and organizational phenomena that go along with a ritual that has a mystique, a “priesthood,” and a set of secrets. One of these is the difficulty of gaining access to information. Some information of interest to this study, such as the polygraph test records of known spies, is classified for national security reasons. Other information, such as the precise ways particular pieces of polygraph equipment measure physiological responses, is guarded by equipment manufacturers as trade secrets. Some manufacturers ignored our requests for such information, even though we offered to sign legally binding promises of nondisclosure. Information about computer scoring algorithms for polygraph tests was similarly withheld by some algorithm developers. All of this behavior makes scientific analysis difficult. Some of these “secrets” probably have good practical justification, but they are also very much like the activities of a priesthood keeping its secrets in order to keep its power.
Another aspect of the polygraph mystique that creates difficulties for scientific analysis is the strong, apparently unshakeable, beliefs of many practitioners in its efficacy on the basis of their experiences. We have heard numerous anecdotes about admissions of serious crimes and security violations that have been elicited in polygraph examinations even after background checks and ordinary interviews had yielded nothing. Many of these admissions have been later corroborated by other convincing evidence, indicating that the polygraph examination sometimes reveals truths that might otherwise have remained concealed indefinitely. We do not doubt the veracity of these anecdotes. However, they do not constitute evidence that the polygraph instrument conveys information that, in the context of the polygraph test, accurately identifies the locus of deception. Rather, they signify that something in the polygraph examination can have this result. It may be the test, the interviewer’s skills, the examinee’s expectation of detection, or some combination of these or other factors. From a scientific standpoint, these anecdotes are compelling indications that there is a phenomenon in need of explanation; they do not, however, demonstrate that the polygraph test is a valid indicator of deception.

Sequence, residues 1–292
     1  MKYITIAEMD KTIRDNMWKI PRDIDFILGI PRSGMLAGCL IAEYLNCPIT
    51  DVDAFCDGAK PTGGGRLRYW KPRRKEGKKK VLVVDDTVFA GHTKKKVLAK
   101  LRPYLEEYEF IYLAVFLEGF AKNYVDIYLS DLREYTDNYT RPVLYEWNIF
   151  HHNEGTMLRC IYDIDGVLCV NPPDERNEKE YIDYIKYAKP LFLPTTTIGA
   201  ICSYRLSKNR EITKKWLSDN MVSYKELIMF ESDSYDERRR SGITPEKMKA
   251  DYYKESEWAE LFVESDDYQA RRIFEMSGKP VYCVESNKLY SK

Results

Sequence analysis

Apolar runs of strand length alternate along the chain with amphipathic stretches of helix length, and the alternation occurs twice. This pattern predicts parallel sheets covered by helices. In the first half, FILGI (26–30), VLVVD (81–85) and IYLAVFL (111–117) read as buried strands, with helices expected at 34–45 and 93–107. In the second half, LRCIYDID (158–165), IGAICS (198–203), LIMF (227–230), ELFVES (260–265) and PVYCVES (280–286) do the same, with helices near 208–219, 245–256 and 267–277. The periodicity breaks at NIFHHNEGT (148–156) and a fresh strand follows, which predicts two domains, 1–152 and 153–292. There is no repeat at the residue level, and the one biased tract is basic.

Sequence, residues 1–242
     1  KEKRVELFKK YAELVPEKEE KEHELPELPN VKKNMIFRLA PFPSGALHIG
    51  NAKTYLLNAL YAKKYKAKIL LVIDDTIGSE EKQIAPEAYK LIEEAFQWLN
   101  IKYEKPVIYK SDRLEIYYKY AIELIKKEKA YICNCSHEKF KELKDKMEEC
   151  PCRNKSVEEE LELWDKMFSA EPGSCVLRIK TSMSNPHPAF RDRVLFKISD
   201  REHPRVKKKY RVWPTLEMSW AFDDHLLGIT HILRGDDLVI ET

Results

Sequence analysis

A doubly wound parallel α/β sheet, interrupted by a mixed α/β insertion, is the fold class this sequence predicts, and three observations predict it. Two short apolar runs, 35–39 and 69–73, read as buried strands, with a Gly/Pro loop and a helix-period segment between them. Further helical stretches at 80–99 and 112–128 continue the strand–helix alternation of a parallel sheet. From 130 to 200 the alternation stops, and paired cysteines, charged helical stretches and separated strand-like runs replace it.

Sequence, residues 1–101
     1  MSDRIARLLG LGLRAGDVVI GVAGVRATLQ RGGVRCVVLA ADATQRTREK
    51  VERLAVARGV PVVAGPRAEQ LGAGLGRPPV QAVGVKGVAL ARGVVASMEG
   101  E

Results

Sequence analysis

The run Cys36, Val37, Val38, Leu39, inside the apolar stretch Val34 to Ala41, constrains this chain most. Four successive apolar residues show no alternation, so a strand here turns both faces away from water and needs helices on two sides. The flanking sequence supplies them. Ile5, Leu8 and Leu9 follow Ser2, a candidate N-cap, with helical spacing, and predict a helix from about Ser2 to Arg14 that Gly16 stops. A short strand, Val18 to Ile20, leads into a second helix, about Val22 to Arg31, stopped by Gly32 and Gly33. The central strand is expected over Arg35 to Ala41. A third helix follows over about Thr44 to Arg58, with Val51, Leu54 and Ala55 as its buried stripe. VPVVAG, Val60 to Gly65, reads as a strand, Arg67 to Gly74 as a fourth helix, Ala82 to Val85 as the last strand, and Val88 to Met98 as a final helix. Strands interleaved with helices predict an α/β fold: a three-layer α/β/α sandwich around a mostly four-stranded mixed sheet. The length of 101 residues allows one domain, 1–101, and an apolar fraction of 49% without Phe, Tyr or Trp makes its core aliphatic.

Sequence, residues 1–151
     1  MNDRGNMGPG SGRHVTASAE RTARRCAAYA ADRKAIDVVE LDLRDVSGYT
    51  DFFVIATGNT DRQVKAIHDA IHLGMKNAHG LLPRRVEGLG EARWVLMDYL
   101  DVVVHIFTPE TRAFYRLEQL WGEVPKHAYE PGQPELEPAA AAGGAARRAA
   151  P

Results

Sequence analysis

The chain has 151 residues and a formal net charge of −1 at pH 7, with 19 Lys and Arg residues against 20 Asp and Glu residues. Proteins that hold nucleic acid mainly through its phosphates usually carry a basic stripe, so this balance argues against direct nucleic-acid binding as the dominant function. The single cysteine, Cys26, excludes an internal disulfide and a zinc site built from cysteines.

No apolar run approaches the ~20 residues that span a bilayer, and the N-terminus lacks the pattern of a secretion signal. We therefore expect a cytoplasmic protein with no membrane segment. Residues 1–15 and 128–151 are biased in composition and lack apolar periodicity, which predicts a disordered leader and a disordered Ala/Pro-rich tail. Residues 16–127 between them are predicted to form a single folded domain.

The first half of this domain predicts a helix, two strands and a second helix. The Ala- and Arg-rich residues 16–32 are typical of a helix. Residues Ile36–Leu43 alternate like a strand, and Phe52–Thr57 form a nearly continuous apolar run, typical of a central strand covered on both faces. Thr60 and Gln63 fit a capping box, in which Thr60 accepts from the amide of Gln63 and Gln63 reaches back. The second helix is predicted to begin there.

From a practical standpoint, it can make a considerable difference whether decisions that rely on polygraph evidence are resting on a scientifically proven device and procedures (that is, on the test), on the judgments of examiners, or on the expectation that guilty examinees will be sufficiently fearful of detection to confess. For example, if the apparent successes depend only on examinees’ fear of detection and not on the test itself, the examination would fail with well-trained spies who know the test’s limitations and do not respond to the mystique.